Questions About the Wise Men

Christmas nativity scenes often include three wise men riding camels and bringing gifts for baby Jesus. However, many misconceptions exist regarding the nature, timing, and role of these wise men. What does the Bible teach about the wise men?

Who Were the Wise Men?

Matthew is the only New Testament writer to mention the wise men. Matthew 2:1 identifies the wise men, saying, “After Jesus was born in Bethlehem in Judea, during the time of King Herod, Magi from the east came to Jerusalem….”

Matthew’s Gospel tells us much less than we might prefer. We are only told these men were Magi from the east. Magi is from the Greek magoi that traditionally referred to wise men in Persia (modern Iran). They were leaders similar to those in Daniel’s time who watched the sky as part of their focus on astrology.

In contrast with the “three kings” from Christmas songs and traditions, the Bible does not present these men as royalty. They were likely servants of a Persian king or neighboring nation who held some wealth (based on their gifts) but were not political leaders.

Where Were the Wise Men From?

As noted, Magi were traditionally from Persia (modern Iran), though this could include neighboring areas. Matthew only noted “from the East,” indicating a location east of Israel.

Some have also suggested the Arabian Peninsula as the origin of the Magi. While this is also possible, the wise men may have been from modern Iran, Iraq, Jordan, or Saudi Arabia. The biblical data simply does not provide any additional detail to more specifically identify their location.

How Did the Wise Men Know to Visit Jesus?

Matthew explains the Magi knew to visit Jesus because they “saw his star when it rose and have come to worship him” (Matthew 2:2). What was this star and how did the Magi associate it with the coming of the Jewish Messiah?

Some suggest the Persian Magi were familiar with the Jewish prophecies in Daniel and perhaps other prophets like Isaiah or Jeremiah. Others connect the star with Numbers 24:17 that reads, “I see him, but not now; I behold him, but not near. A star will come out of Jacob; a scepter will rise out of Israel.”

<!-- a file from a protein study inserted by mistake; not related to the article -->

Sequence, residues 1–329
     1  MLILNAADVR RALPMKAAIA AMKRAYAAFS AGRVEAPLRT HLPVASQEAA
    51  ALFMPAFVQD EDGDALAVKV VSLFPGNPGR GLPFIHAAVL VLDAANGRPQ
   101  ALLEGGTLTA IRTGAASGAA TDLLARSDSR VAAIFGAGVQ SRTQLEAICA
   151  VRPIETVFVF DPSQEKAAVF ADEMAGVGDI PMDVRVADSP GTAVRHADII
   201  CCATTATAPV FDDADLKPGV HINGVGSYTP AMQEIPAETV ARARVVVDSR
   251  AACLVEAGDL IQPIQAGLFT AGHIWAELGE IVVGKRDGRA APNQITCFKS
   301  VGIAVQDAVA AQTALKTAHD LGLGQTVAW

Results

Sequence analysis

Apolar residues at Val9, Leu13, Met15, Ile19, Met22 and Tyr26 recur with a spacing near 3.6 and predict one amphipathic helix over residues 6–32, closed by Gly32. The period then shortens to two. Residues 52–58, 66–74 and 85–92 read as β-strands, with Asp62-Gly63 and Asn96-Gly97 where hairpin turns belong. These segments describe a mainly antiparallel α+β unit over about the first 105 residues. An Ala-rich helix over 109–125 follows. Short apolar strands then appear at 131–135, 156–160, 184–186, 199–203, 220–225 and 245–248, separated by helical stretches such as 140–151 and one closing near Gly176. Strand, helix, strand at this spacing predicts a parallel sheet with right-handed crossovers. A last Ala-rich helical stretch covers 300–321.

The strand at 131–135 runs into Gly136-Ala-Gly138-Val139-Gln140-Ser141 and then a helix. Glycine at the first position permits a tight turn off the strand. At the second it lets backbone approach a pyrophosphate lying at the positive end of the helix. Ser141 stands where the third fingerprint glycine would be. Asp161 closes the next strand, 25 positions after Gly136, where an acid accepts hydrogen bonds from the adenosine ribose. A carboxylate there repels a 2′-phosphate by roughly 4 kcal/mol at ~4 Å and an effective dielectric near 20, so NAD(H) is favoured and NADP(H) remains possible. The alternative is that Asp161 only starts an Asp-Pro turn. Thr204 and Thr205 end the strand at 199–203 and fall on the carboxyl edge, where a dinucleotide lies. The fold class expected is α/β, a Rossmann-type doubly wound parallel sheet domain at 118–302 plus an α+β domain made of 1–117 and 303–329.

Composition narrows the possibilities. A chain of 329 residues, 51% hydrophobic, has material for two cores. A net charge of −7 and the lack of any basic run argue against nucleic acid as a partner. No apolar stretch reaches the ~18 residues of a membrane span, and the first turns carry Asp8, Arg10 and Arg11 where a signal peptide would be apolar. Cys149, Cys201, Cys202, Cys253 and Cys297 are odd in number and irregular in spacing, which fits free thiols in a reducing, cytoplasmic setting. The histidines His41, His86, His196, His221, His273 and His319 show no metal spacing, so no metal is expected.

Either or even both options are possible, but no suggestion clearly confirms how the Magi knew to visit Israel based on a star in the East at that time. Matthew’s account highlights their actions in a supernatural manner alongside the virgin birth and God-given dreams to Joseph and the Magi. Perhaps readers are to simply accept the understanding of the Magi and the star with the same supernatural perspective.

How Many Wise Men?

Traditional stories and manger scenes portray three wise men who visited baby Jesus and His family. However, the Bible never states the number of wise men. Instead, the term Magi is plural, indicating more than one person, but with no specific number given.

The tradition of three wise men developed around the three gifts of gold, frankincense, and myrrh the Magi brought to Jesus and His family. Later writings created more elaborate tales with names for the three Magi and more, yet are not part of the biblical account.

It is more likely that a team of Magi traveled alongside their servants. Unlike most manger scenes, they most likely traveled by foot rather than by camel.

When Did the Wise Men Visit Jesus?

One final misconception is the timing of the Magi’s visit. Christmas stories traditionally portray the Magi arriving on Christmas night shortly after the visit of the shepherds. However, Matthew 2:11 notes the Magi visiting Jesus and his family in a house, indicating a time after His birth in the manger.

Further, after the Magi left, and Joseph, Mary, and Jesus fled Bethlehem, King Herod ordered all males two years old and under to be killed. Jesus could have been up to two years old at the time of their visit, though he was more likely a few weeks to a few months old, with the family still in Bethlehem as Mary recovered from giving birth.

Wise Men Still Seek Him

While many of our Christmas traditions regarding the Magi are later developments, their purpose remains clear and powerful. These men traveled a great distance to honor the one who was King of the Jews. They dedicated time, gifts, and energy to serve and worship Jesus.

Still today, those who are wise continue to worship Jesus and dedicate themselves to Him. As we reflect on the account of the Magi, let us remember that wise men still seek Him.

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